There's a standing joke on Capitol Hill that the official subtitle of every tax bill is "The Accountants Full Employment Act."
The reason: Every tax legislative effort seems to add complexity, even those legitimately aimed at simplifying our tax tasks. And that results in added pages to the Internal Revenue Code.
That code growth was mentioned on Tuesday (and blogged about here) by the supporters of the HR 5719, the Taxpayer Assistance and Simplification Bill of 2008. I'm not sure where the 10,000 figure cited by the House Democratic leadership came from, but it looks to be about right, judging from data collected by the CCH Standard Federal Tax Reporter.
Seeing is believing: Below is a one-page graphic showing the number of pages in the tax code from its inception in 1913. That year, the code contained 400 pages. That number held pretty steady until 1945, when it ballooned to 8,200 pages.
The code hit 14,000 pages by 1954 and there was no stopping it. So far this year, we're up to 67,506 pages of tax law. To get a larger image for easier comparison you can click on the image above or, for RSS readers, here.
The original 1040 was created after Congress levied a 1 percent tax on net personal incomes above $3,000 with a 6 percent surtax on incomes of more than $500,000.
The 1913 document was two-page form, just like today's version, although the 2007 form is a little more packed with lines.
But the 1913 instructions were included as part of the form and took up just two more pages. Today's 1040 instruction booklet is 155 pages.
Flat tax prompts: Displays like the CCH graphic and the original Form 1040 are what drive folks who argue for a flat tax. While I do believe the tax code could be trimmed and yes, made simpler, I'm not a big flat tax fan. I believe the progressive system we have is inherently fairer.
Flat, or consumption, tax advocates say the process would be simpler, reducing the government bureaucracy by eliminating loopholes. They also contend that it's more fair if everyone is taxed at the same rate.
I don't think so. Higher income individuals spend a proportionally smaller amount of their income on necessities, leaving them with larger amounts of discretionary money. Members of the middle class spend far more of their income on necessities, leaving only a fraction to go toward discretionary spending. And the working poor essentially spend all of their income on necessities, ending up with minimal or nonexistent discretionary income.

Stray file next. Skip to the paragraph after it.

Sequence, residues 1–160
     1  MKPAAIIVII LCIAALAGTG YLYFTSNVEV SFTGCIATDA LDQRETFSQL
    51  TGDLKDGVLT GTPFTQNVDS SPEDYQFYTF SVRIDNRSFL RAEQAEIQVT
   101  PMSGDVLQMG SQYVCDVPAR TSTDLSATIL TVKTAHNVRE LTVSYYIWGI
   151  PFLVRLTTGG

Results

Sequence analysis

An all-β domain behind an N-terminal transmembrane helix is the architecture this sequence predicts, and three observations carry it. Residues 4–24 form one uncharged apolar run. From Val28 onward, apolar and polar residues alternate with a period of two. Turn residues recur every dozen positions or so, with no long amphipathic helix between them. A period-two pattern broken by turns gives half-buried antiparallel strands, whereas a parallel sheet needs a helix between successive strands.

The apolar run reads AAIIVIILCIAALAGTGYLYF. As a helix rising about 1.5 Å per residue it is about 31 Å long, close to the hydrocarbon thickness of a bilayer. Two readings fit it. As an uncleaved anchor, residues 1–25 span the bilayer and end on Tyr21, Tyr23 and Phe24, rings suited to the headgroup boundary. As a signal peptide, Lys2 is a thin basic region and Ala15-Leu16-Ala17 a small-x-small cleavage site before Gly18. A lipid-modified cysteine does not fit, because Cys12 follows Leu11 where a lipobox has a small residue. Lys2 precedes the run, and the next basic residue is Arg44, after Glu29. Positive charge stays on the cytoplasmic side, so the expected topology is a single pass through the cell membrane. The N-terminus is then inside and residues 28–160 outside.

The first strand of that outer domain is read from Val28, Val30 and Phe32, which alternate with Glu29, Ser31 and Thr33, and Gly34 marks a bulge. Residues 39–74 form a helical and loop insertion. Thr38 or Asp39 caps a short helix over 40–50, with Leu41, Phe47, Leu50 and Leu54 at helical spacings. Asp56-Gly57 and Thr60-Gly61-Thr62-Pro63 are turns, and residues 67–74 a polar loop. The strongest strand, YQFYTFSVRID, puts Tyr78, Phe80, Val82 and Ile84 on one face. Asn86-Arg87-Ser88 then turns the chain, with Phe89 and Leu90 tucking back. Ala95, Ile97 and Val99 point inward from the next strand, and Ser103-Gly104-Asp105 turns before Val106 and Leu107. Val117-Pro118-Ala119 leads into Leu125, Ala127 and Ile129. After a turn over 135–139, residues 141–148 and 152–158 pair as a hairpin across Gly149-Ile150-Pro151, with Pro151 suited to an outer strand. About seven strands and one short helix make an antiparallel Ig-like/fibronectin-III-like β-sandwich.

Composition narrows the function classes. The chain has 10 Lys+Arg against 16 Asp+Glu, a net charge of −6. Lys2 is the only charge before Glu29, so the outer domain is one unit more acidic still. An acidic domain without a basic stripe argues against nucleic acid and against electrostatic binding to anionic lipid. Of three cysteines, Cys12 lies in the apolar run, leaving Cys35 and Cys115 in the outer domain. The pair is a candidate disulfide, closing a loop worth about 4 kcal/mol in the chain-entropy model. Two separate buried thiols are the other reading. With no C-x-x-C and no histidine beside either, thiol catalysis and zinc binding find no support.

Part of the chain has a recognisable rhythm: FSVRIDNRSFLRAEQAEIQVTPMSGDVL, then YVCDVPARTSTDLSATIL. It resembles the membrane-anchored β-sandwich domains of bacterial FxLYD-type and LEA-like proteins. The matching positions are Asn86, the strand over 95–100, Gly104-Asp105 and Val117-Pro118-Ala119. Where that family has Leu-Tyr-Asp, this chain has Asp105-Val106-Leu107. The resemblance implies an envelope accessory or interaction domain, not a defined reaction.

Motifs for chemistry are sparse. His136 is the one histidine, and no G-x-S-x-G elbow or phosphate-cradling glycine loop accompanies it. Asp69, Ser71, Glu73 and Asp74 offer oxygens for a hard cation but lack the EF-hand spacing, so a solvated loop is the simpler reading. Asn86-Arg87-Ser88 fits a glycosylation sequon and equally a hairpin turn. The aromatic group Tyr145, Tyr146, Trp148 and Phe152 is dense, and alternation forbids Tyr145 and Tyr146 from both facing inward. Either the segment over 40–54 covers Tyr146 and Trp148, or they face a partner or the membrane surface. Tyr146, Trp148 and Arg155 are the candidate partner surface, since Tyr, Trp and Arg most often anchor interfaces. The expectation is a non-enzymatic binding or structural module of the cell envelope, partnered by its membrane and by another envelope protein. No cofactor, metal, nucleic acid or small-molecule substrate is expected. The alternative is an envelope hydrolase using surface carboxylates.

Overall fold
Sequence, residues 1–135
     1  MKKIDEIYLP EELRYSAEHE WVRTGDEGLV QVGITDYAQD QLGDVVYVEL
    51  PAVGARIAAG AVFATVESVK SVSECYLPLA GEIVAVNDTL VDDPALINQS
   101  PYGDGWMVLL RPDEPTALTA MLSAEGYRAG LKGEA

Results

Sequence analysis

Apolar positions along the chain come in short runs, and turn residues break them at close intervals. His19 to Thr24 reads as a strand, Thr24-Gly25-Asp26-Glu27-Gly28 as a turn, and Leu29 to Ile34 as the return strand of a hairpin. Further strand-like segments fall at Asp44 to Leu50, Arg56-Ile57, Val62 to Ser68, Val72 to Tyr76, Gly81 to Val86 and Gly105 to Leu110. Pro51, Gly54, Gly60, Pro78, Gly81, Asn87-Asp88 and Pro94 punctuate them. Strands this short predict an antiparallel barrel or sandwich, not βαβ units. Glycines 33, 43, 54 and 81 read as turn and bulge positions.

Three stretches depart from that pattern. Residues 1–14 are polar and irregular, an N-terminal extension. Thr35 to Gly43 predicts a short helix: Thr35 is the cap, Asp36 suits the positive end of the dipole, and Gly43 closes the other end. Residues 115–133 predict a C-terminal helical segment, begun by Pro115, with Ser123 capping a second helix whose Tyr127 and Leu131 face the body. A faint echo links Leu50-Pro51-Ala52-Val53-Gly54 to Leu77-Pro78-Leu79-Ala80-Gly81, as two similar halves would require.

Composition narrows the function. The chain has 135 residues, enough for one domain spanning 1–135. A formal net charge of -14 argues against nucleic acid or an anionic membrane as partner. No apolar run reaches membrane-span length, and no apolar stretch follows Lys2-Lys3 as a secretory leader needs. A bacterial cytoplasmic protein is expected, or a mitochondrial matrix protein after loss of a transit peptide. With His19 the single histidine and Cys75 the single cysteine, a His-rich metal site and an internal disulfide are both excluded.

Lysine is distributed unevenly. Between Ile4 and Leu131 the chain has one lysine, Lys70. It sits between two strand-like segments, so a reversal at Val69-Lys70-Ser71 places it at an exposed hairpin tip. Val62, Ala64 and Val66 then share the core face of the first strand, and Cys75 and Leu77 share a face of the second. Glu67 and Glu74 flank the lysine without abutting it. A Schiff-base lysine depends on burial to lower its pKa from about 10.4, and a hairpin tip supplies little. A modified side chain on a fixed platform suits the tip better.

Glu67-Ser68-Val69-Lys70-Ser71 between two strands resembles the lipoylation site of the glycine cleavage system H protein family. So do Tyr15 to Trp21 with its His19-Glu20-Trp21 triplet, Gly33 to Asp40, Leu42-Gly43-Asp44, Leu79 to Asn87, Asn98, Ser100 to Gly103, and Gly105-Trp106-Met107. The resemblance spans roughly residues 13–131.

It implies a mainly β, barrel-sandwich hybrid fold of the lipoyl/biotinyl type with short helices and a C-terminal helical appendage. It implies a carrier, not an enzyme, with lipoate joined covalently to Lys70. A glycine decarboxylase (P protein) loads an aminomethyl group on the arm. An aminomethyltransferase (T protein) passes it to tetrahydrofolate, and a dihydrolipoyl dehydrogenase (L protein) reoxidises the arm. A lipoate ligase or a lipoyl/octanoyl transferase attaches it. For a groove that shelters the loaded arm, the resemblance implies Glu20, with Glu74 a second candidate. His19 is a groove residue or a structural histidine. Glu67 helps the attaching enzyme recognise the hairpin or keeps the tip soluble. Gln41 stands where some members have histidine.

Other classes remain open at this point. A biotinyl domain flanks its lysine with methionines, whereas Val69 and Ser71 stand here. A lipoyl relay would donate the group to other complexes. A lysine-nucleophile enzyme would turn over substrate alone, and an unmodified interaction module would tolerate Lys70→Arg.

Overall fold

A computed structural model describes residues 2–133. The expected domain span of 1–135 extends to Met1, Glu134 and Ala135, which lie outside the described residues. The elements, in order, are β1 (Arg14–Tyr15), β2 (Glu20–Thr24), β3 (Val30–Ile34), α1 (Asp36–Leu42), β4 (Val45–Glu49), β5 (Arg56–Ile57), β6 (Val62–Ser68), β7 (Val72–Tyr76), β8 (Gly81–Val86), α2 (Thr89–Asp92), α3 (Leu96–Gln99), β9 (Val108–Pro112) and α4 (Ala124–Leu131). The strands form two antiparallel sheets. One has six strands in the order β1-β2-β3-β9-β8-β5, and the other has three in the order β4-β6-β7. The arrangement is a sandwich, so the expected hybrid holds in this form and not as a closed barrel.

A progressive tax system as we now have takes such disparities into account. A flat tax exacerbates them. A flat percentage loss of, say, 15 percent of income weighs more heavily on the lower income earner. However, a wealthier individual would be more equipped to deal with that percentage payment and still have substantial discretionary income left over.
William G. Gale offers a good analysis of flat tax proposals in this article posted at The Tax Policy Center. He writes:
"A central issue in tax reform is always who wins and who loses. Under the flat tax, low-income households would lose because they now pay no income tax and are eligible for a refundable EITC of up to $3,370. Although the flat tax is more progressive than a VAT, it is more regressive than the current system. A flat tax would provide huge gains for high-income households, both because their marginal tax rate would fall and because they consume relatively less of their income than do low-income households. As a result, if a flat tax were to raise as much revenue as the current one, the tax burden for the middle class would have to rise. Consumption taxes are generally less regressive when viewed over longer periods of time because income changes from year to year, but they would raise tax burdens on lower- and middle-income households over any time frame. …"
There's also the human penchant for tinkering that could be problematic when it comes to any tax simplification efforts. As Gale notes,
"… [F]undamental tax reform would not end the demands for special treatment that have so tangled the income tax. Ten years hence, we may find that what started as simplicity has once again become a confused jumble. Thus some simplification is likely with tax reform, but it is by no means a certain or lasting outcome. …"
And that would mean that regardless of the tax system, those tax code pages would likely start to add up again.